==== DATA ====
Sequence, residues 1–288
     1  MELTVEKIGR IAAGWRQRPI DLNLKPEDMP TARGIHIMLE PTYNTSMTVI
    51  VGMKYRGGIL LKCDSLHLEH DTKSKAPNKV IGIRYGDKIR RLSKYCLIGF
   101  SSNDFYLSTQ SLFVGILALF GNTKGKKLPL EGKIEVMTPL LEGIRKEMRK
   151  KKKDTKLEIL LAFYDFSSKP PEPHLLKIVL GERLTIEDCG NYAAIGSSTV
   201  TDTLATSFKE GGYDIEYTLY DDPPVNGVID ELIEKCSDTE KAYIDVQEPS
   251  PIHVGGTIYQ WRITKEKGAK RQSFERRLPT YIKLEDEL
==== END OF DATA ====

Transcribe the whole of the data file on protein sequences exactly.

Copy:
Sequence, residues 1–288
     1  MELTVEKIGR IAAGWRQRPI DLNLKPEDMP TARGIHIMLE PTYNTSMTVI
    51  VGMKYRGGIL LKCDSLHLEH DTKSKAPNKV IGIRYGDKIR RLSKYCLIGF
   101  SSNDFYLSTQ SLFVGILALF GNTKGKKLPL EGKIEVMTPL LEGIRKEMRK
   151  KKKDTKLEIL LAFYDFSSKP PEPHLLKIVL GERLTIEDCG NYAAIGSSTV
   201  TDTLATSFKE GGYDIEYTLY DDPPVNGVID ELIEKCSDTE KAYIDVQEPS
   251  PIHVGGTIYQ WRITKEKGAK RQSFERRLPT YIKLEDEL